99. Hantke, R. 1965. Die fossilen Eichen und Ahorne aus der Molasse der Schweiz und von Oehingen (Süd-Baden). Neujahrsblatt Naturforsch. Ges. Zürich. 167. Stück, 140 pp.Google Scholar
  100. Harris, T. M. 1932. The fossil flora of Scoresby Sound east Greenland, pt. 3: Caytoniales and Bennettitales. Medd. om Grønland Bd. 85 (5) 130 pp.Google Scholar
  101. Harris, T. M. 1935. The Fossil Flora of Scoresby Sound east Greenland, pt. 4: Ginkoales, Coniferales, Lysopodiales and isolated fructifications. Medd. om Grønland Bd.112 (1) 176 pp.Google Scholar
  102. -. 1937. The Fossil Flora of Scoresby Sound east Greenland, pt. 5: Stratigraphic relations of the plant beds. Medd. om Grønland, Bd. 112 (2) 112 pp.Google Scholar
  103. Hickey, L. J. 1971. Evolutionary significance of leaf architectural features in the woody dicots. Amer. J. Bot.58: 469 (abstract).Google Scholar
  104. —. 1973. Classification of the architecture of dicotyledonous leaves. Amer. J. Bot.60: 17–33.CrossRefGoogle Scholar
  105. — & J. A. Doyle. 1972. Fossil evidence on evolution of angiosperm leaf venation. Amer. Jour. Bot.,59: 661 (abstract).Google Scholar
  106. Hofmann, E. 1932. Epidermisreste und Blattabdrücke aus den Braunkohlen-lagern ded Geiseltales. Nov. Act. Leopold, Neue Folge1: 59–74.Google Scholar
  107. —. 1932. Die Bedeutung der kutikularanalyse für die paläobotanik. Verhandl. Zool. Botan. Ges. Wien82: 19–21.Google Scholar
  108. —. 1934. Paläohistologie der Pflanze Grundzüge einer Gewebelehre über Fossile Pflanzen, Julius Springer Verlag, Wien, 308 pp.Google Scholar
  109. Halloway, P. J. 1971. The chemical and physical characteristics of leaf surfaces. pp. 39–65, Ecology of leaf surface Micro-organisms, ed. by T. F. Preece and C. H. Dickinson, Academic Press, London. 640 pp.Google Scholar
  110. Horanic, G. F. & F. E. Gardner. 1967. An improved method of making epidermal imprints. Bot. Gaz.128: 144–150.CrossRefGoogle Scholar
  111. Hughes, N. F. 1963. The assignment of species of fossils to genera. Taxon12: 336–337.CrossRefGoogle Scholar
  112. -. 1970. Remedy for the general data handling failure of palaeon-tology. System. Assoc. Spec. vol. no. 3, “Data Processing in Biology and Geology,” ed. J. L. Cutbill, 321–330.Google Scholar
  113. — & J. C. Moody-Stwart. 1969. A method of stratigraphie correla-tion using early Cretaceous spores. Palaeontology12: 84–111.Google Scholar
  114. Hummel, K. & K. Staesche. Die Verbreitung der haartypen in den natürlichen Verwandtschaftsgruppen. Handbuch der pflanzenanatomie, bd. IV, tiel 5, Gebruder Borntraeger, Berlin, 209–271.Google Scholar
  115. Hunger, R. 1938. Schildhaare aus der eozäne braunkohle des Zeitz-Weissen-felser reviers. Zeit. Natwiss.92: 96–99.Google Scholar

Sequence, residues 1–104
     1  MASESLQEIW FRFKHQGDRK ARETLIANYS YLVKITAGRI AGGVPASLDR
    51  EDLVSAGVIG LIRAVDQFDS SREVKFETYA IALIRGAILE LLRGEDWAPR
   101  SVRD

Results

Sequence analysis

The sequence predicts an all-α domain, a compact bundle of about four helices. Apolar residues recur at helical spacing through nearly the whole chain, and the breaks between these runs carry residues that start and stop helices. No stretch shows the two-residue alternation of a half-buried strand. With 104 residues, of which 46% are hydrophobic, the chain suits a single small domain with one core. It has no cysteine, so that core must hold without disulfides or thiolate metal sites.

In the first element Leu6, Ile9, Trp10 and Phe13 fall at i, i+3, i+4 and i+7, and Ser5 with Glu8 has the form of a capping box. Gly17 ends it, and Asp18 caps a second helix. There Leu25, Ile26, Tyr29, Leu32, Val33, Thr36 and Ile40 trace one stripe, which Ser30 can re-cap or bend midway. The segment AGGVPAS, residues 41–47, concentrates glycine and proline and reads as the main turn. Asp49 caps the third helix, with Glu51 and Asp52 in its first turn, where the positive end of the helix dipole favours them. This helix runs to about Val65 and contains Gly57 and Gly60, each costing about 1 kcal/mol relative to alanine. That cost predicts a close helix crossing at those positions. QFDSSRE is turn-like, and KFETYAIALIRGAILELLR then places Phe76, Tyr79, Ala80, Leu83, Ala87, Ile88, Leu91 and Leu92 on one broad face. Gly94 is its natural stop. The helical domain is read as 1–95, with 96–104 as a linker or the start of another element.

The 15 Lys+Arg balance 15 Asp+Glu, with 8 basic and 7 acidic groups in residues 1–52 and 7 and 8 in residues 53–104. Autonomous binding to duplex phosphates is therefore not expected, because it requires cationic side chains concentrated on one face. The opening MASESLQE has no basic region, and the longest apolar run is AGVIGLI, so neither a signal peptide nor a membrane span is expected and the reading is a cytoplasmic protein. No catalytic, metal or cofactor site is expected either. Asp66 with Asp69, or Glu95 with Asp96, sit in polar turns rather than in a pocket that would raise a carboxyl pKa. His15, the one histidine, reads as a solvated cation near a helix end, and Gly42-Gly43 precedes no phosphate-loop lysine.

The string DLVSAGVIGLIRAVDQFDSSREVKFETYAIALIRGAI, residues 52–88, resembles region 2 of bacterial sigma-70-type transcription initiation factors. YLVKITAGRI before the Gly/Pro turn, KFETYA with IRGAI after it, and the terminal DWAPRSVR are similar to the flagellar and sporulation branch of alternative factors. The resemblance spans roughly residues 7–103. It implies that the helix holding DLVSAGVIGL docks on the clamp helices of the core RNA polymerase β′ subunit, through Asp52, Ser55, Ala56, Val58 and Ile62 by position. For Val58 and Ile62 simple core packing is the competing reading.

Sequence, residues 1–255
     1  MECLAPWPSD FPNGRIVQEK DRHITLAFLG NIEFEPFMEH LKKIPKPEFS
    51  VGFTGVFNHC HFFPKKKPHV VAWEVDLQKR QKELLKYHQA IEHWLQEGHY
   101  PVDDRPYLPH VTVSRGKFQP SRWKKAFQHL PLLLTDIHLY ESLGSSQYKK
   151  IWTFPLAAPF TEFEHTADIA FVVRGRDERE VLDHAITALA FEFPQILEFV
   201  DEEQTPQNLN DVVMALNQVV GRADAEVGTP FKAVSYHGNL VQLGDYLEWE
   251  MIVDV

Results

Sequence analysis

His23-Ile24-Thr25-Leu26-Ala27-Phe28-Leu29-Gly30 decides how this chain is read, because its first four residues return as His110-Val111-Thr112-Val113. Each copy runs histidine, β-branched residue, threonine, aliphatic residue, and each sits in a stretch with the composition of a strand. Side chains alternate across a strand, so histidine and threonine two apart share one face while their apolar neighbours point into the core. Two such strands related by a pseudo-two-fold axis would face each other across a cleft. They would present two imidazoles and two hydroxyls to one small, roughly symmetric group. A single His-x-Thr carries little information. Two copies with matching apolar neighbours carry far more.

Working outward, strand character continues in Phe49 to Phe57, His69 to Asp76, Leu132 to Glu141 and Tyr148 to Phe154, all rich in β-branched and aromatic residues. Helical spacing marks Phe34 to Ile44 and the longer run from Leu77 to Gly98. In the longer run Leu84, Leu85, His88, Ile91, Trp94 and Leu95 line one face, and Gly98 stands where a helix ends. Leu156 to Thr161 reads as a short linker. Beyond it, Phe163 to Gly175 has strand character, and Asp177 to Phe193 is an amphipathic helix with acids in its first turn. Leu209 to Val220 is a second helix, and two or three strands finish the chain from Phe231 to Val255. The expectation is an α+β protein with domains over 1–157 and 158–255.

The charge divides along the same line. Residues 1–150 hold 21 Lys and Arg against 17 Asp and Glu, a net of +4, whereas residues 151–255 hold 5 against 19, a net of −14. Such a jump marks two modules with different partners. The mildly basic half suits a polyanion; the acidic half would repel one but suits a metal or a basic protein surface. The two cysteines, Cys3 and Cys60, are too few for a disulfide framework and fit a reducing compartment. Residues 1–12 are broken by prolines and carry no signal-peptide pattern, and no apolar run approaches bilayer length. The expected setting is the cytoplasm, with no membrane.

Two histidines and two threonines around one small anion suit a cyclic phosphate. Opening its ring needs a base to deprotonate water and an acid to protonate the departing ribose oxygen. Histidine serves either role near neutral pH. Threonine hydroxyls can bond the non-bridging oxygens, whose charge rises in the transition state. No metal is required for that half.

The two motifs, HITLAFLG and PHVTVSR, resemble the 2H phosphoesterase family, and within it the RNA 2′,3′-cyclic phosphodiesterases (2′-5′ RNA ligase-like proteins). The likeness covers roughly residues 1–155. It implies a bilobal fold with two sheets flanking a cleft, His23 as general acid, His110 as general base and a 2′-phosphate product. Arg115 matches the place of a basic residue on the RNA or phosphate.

116. -. 1939. Biostratonomie und Paleobotanik der blätterkohlenvor-kommen des eozänen humodils de Zeitz-Weissenfelser reviers. Inaugu-ral-Dissertation, Wilhelm Knapp, Halle (Saale), Verlag. 37 p.Google Scholar
  117. Huynh, K. 1971. The application of acetolysis for releasing leaf cuticular membranes ofPandanus in taxonomic studies. Stain Tech.46: 227–232.Google Scholar
  118. Jähnichen, H. 1955. Beiträge zur Flora der tertiären plastischen Tone von Preschen bei Bilin CSR. Lauraceae I. Min. Geol Jhb. Dresden1: 59–79.Google Scholar
  119. —. 1956. ÜberCastanopsis furcinervis (Rossm.) Kr. & Wld. (Faga-cee) aus der alttärtiären braunkohle der Ukraine. Jb. Staatl, Mus. Min. Geolog.2: 142–146.Google Scholar
  120. —. 1958. Beitrage zur Flora der tertiären plastischen Tone von Preschen bei Bilin/CSR. Lauraceae II. Jb. Staatl. Mus. Mineral. Geol.1958: 60–95.Google Scholar
  121. —. 1959. Die Kutikularanalyse fossiler Blätter im Rahmen der mikropaläobatnischen Komplexmethode. Z. Geol. Jhrg.8: 697–804.Google Scholar
  122. —. 1965. Beiträge zur tertiär flora der Laustiz-inkohlte Blatter und epidermisstrukturen. Monatsberich. Deut. Ak. Wiss. Berlin7: 664–670.Google Scholar
  123. —. 1966. Morphologisch-anatomische Studien über strukturbie-tende, ganzrandige Eichenblätter des SubgenusEuquercus-Quercus lusatica n. sp. im Tertiär Mitteleuropas. Monatsberichte Deut. Akad. Wiss. Berlin8: 477–512.Google Scholar
  124. —. 1969. Revision zu original en strukturbietender Blätter aus der Lausitzer und Niederrheinschen Braunkohle. Geologie18: 77–111.Google Scholar
  125. Jung, W., E. Knobloch & Z. Kvaoek. 1971. Makrofloristische Untersuchung-en im Braunkohlentertiär der Oberpfalz. Mitt. Bayer Staatssamml. Paläont. hist. Geol.11: 223–249.Google Scholar
  126. Jurasky, K. A. 1934-35. Kutikularanalyse I-III. Biologia Generalis10: 383–402;11: (1) 227–244;11: (2) 1–26.Google Scholar
  127. Kirchheimer, F. 1942. Laubblätter aus dem ältesten Tertiär der Lausitz. Planta33: 1.CrossRefGoogle Scholar
  128. Klucking, E. P. 1962. An Oligocene flora from the western Cascades, with an analysis of leaf structure. Ph.D. Thesis, Univ. of Calif., Berkeley, Dept. of Geology.Google Scholar